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More area families try home schooling
A variety of textbooks sits on the table at the Stewart residence Monday. - photo by SARA GUEVARA

Although the Stewart family tried to send their oldest son to public school, they decided to pull the plug on the venture when Cason reached third grade.

"We chose to home-school for a number of reasons. First, I had a burning desire to keep my children safe spiritually, physically and emotionally," said Kellie Stewart, a Flowery Branch resident who has been home schooling her four children for the past nine years.

"I think that the public schools do about as well as they can under the circumstances. There are great teachers, but there are also teachers who do not have a love for their craft or for their students."

Stewart says the decision to remove her oldest son, Cason, from public school also was made because of the wasted academic opportunities.

"When my child started public school in kindergarten, it bothered me that he was being taught things he already knew well for at least the first half of the school year," said Stewart. "I realize that in a public or private school with a room full of students, this is a necessary part of the plan. However, it is not a good plan for each individual student. For my son, it was wasted time."

While most parents do not choose to home-school their students, home schooling is still a very viable option for many Jackson and Hall County families.

"We have around 250 families who choose to home-school their students," said Tracey Oxley, a Jackson County Schools social worker who is the system’s home- school coordinator.

"(Home-school participation) grows every year. Last year, we had many families decide mid-school year (to home-school their children)."

Oxley says there are many reasons why parents may choose to home-school their children — from low child performance in traditional school settings to student participation in competitive sports or performing arts.

"I chose home-school first and foremost because of the values that I want instilled in my child," said Karen Holston, a member of the Jackson Christian Home Educators organization. "We are Christians, and I want those values to be a central part of his education."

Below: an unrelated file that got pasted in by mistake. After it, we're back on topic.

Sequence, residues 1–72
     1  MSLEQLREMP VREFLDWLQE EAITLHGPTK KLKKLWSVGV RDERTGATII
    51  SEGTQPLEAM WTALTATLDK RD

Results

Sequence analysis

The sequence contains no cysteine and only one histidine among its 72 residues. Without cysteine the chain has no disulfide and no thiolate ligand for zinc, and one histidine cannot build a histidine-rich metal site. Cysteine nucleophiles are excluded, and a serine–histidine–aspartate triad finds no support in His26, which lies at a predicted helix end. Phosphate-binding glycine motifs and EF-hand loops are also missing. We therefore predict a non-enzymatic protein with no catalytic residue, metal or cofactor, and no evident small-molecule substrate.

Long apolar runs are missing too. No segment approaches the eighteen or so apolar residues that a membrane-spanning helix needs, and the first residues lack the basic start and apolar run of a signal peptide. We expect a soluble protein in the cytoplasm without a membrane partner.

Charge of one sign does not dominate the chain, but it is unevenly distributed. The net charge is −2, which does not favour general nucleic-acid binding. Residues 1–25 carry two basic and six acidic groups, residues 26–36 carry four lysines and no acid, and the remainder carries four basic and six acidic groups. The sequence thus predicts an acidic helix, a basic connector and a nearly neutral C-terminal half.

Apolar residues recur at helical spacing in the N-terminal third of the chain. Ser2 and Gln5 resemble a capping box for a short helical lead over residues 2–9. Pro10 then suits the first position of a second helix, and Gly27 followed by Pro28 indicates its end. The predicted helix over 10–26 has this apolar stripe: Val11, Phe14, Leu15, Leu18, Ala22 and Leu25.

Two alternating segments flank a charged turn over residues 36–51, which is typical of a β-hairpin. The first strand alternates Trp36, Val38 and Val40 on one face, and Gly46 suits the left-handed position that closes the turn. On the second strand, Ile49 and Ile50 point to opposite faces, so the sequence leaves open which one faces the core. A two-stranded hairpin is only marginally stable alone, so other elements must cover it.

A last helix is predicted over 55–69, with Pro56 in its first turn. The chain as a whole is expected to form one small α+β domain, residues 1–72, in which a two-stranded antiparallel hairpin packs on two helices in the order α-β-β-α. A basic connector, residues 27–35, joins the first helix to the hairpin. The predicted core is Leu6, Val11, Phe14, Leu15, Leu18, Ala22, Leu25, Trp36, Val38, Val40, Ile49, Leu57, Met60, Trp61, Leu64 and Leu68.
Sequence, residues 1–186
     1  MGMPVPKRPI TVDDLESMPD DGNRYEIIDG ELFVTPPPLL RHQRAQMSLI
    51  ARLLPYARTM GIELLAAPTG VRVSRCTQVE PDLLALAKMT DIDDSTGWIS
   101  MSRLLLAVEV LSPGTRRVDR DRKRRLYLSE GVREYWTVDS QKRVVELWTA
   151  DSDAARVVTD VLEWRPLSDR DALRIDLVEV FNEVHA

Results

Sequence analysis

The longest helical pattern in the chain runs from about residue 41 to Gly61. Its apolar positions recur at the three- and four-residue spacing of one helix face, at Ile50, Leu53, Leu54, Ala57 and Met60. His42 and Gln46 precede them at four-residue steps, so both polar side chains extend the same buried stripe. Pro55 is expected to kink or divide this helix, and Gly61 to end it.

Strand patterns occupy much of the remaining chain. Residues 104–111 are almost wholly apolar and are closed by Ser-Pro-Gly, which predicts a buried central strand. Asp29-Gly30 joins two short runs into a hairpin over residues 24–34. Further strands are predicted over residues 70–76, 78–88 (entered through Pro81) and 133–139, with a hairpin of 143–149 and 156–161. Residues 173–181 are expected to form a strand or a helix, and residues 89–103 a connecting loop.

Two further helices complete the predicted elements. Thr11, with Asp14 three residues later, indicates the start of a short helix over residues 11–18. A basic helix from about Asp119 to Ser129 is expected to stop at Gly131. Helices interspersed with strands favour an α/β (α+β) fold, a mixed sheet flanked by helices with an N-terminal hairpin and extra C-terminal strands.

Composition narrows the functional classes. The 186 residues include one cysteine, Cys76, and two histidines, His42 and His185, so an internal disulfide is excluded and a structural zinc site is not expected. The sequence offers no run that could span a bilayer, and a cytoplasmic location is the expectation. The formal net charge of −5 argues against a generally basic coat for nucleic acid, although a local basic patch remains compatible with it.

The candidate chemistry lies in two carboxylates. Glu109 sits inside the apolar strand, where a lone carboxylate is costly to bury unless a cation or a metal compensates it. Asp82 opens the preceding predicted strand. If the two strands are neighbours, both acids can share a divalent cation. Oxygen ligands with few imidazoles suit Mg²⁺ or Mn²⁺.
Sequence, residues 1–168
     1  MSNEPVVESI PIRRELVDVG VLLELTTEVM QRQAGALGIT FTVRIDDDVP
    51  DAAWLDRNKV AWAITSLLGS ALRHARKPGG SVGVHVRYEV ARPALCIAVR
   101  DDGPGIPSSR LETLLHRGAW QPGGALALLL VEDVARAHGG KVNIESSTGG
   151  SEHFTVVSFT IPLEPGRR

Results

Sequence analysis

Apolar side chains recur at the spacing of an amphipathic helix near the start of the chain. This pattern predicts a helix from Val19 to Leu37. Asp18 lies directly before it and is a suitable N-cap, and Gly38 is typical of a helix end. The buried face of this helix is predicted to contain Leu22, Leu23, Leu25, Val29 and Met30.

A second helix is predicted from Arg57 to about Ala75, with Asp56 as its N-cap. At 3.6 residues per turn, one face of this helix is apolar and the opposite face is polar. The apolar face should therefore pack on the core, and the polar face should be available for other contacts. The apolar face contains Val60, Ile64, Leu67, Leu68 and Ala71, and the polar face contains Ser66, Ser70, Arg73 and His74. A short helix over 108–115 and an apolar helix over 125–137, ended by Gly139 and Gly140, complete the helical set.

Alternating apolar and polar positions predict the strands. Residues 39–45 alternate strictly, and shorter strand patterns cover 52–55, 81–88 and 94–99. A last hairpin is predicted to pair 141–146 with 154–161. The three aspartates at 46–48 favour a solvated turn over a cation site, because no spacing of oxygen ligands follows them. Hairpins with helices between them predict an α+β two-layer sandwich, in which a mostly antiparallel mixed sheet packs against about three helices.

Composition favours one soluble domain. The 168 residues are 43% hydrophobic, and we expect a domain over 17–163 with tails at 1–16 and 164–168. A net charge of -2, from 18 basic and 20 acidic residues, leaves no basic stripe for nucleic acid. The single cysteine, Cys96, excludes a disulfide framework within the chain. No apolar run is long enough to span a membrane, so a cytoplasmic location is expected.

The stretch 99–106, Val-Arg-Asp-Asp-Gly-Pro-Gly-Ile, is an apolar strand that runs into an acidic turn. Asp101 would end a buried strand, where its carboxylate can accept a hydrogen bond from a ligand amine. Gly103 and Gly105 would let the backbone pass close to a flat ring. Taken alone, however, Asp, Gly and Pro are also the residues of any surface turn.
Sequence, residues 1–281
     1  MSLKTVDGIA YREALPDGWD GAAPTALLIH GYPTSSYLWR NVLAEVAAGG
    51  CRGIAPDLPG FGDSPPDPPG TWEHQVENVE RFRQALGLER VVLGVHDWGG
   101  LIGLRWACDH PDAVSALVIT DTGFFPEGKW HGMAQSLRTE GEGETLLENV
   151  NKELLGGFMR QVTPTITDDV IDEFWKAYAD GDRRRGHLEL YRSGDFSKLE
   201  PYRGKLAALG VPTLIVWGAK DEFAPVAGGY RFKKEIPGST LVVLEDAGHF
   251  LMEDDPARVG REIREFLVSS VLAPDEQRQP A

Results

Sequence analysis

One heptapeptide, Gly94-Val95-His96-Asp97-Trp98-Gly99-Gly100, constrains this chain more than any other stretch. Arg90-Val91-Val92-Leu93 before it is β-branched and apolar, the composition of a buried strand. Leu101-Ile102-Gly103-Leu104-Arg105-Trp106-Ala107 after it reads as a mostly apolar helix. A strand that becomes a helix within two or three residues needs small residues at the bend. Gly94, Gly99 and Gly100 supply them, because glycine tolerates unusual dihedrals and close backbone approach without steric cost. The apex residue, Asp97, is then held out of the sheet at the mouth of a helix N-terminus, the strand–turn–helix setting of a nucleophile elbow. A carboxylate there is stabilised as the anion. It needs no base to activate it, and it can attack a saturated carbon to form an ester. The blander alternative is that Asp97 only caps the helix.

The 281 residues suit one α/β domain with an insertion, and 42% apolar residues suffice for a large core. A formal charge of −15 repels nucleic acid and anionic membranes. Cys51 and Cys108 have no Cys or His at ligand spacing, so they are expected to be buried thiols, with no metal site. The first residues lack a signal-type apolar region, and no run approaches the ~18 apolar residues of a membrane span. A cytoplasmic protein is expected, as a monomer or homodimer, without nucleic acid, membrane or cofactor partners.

"I started home schooling my son when he was 3 years old and he is now 9. The idea is to continue home-school until he graduates from high school."

Although Holston herself is a product of public schools, she says that home schooling is the preferred academic choice for her son.

"I’m not anti-public school; this is just the path that the Lord has led me down with my child," she said.

Having a home life that was centered around the traditional school calendar also was another reason why Stewart says she chose to educate her children, who range in age from 6 to 16, at home.

"When placing our child in the public school arena, we immediately felt displaced. It was as if he was no longer ours. The school officials made decisions for him for most of his daily waking hours, but also for how our family time would be used," Stewart said.

"He had homework, again a necessary part of public and private school. However it leads to a breakdown in familial relationships; kids are so busy with homework they don’t have time to spend with parents and siblings in the evenings and even on the weekends."

Stewart’s oldest son, Cason, is the only one of her three children to have ever experienced public school. Although he doesn’t have the traditional guidance counselors to help him map out his future, Cason, who is on schedule to graduate next school year, says that he knows exactly what he wants to do post-graduation.

"After I graduate I want to go to Gainesville State College to build up some credits and then transfer to Georgia Tech and major in mechanical engineering," said 16-year-old Cason Stewart.

As economic times worsen, some Hall County school officials say that the number of home-schooled students tends to increase.

"Last year we had around 850 home-schooled students, this year we have 976 home-schooled students from 585 different families," said Jim Sargent, Hall County school system director of student services.

"It is a trend that we’ve been seeing that as the economy worsens, more students are being homeschooled. It could be for a number of reasons — older students being kept home so they can go out to work to help support the family or to take care of younger siblings to cut down on child care costs."

Some opponents to home schooling say that children suffer in the process because they don’t have the opportunity to interact with other children, but supporters of the process say that home-school associations and other groups allow children to have that interactive opportunity.

"My child is with other kids at least five days out of the week," Holston said. "Not only does he get to interact with other children, but I get to choose healthy interactions for him. Not all interactions are good ones."

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